On Tuesday, the Supreme Court of India directed the Union government to hand over to it, in a sealed cover, the names of all the Indian citizens who had – according to lists obtained by the government – unaccounted money in accounts abroad. In the court’s stated opinion, it needed to monitor the investigation more closely, otherwise “nothing would happen”. This is in spite of the fact that the government’s very first Cabinet meeting set up a special investigation team, or SIT, to investigate the black money allegations and the names on the two lists with the government have already been made available to the SIT, according to the government’s law officers.
The government, understandably, views the names as being sensitive – not necessarily because of the names themselves, but because dissemination could be seen as breaching secrecy clauses in double-taxation avoidance agreements, or DTAAs. The Supreme Court, however, took a different view, saying that the government is “not going to protect anybody … why this protective umbrella?” The court’s concern about the administration’s behaviour is understandable on one level. The government does appear to be playing politics with the investigation, with a few of its members saying that the names would embarrass the opposition Congress. However, surely there are other ways to reprove the government that do not give the widespread impression – whether right or wrong – that Indian institutions will play fast and loose with international treaty obligations.
It is unfortunate that the Supreme Court has, in its justifiable zeal to ensure the prosecution of all those responsible, allowed observers to conclude that it may be willing to undermine India’s sovereign obligations. The court has indeed said that it will “take care of the problem of confidentiality”. However, that has reassured few. After all, the government’s argument is persuasive – that a careful approach is needed in order to ensure the success of India’s ongoing efforts to secure more such tax-loophole-closing treaties. Yet the court has not seen much merit to this claim. It has pointed out that “such treaties are drafted by diplomats, and not lawyers, leading to sloppiness in drafting” and said, in addition, that the Union government’s argument that the DTAA with Germany enjoins confidentiality on India, would violate the basic structure of the Constitution.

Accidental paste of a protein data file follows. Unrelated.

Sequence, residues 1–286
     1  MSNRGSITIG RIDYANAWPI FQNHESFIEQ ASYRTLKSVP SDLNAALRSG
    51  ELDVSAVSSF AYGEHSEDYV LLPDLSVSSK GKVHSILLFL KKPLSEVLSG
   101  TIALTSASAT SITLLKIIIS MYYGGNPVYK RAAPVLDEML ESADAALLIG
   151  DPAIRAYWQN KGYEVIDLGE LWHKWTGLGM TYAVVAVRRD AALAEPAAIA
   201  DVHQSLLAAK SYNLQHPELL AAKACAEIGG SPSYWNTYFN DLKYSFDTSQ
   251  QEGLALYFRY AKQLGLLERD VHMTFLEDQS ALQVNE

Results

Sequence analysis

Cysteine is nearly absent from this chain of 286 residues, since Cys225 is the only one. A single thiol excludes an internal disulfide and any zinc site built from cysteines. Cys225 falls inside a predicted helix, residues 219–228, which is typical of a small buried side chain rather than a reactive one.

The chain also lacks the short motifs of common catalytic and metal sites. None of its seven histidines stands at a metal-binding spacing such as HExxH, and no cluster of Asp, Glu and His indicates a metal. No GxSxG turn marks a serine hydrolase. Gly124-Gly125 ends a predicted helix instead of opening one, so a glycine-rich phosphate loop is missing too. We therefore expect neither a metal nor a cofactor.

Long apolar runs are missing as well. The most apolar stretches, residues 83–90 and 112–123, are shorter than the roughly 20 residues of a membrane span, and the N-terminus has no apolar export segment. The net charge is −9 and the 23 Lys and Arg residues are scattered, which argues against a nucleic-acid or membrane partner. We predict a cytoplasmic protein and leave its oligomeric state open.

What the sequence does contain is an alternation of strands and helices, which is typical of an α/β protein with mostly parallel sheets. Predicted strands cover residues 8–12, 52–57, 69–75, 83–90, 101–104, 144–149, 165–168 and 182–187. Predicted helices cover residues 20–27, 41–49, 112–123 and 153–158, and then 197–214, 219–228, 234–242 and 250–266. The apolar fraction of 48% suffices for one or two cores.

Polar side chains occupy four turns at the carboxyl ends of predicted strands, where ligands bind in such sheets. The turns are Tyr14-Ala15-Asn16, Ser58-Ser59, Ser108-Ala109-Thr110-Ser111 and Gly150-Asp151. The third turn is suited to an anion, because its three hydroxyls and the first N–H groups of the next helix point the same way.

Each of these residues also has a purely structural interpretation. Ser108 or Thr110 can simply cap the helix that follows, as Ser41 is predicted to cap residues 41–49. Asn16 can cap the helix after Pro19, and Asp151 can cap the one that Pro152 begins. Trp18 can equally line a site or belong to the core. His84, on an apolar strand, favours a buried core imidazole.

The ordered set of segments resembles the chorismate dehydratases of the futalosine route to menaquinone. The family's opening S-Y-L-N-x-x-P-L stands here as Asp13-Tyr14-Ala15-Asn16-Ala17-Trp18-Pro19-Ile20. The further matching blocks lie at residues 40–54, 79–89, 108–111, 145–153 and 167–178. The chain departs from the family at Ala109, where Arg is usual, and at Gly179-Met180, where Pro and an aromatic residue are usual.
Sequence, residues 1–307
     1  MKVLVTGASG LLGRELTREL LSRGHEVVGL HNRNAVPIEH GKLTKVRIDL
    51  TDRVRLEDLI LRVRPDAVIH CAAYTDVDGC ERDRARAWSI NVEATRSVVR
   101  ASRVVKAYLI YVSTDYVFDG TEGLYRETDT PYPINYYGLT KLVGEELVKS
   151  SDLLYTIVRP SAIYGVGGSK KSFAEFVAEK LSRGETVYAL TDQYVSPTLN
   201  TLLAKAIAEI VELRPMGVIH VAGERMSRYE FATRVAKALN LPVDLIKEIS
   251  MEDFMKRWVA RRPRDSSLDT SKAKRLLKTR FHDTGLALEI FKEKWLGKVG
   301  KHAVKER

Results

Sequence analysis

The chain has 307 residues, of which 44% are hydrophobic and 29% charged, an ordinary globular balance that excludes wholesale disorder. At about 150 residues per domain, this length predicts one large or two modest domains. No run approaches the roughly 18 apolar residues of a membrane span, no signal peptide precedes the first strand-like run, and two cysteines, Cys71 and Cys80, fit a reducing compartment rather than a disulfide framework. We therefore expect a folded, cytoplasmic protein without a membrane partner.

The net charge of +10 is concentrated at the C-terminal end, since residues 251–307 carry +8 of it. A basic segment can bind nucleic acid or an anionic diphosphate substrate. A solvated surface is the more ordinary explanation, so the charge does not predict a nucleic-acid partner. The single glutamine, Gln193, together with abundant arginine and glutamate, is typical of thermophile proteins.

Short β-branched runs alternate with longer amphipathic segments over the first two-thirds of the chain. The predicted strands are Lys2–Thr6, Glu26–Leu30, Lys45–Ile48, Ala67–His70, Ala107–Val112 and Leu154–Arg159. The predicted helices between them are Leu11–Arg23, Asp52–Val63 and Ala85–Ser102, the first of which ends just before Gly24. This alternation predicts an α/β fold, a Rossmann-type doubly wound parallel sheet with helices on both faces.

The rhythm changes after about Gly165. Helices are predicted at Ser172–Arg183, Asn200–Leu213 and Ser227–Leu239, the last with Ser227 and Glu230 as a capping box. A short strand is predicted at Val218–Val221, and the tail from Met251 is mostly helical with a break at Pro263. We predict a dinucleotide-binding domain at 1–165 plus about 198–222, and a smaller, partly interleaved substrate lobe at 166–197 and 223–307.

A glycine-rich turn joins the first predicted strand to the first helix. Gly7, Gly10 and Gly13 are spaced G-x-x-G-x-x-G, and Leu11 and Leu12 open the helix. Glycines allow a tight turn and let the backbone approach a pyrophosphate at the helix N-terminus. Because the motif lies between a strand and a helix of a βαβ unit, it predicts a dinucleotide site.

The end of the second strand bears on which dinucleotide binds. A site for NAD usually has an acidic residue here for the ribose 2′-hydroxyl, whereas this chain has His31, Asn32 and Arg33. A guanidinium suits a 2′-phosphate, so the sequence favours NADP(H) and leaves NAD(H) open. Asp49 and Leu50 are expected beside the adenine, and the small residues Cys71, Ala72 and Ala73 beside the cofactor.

Nobody would suggest that an active Supreme Court pushing along a notoriously dilatory investigation is a bad thing. However, India’s reputation as a responsible country and member of the international community is also important. It requires a public and oft-stated commitment to upholding the letter and spirit of international treaties. Even the Bharatiya Janata Party, which while campaigning earlier this year did not recognise the constraints of such treaties, rightly acknowledged their force once in office. The court will hopefully seize the opportunity, now that the government has been forced to hand over the names in a sealed cover, to point out how it too is a careful custodian of the Indian state’s international pledges. The confidentiality of these names is important, until supporting evidence is found and legal proceedings begin. Many will be hopeful that the court will act swiftly to dispel the impression that India may play fast and loose with a confidentiality clause it has promised to uphold.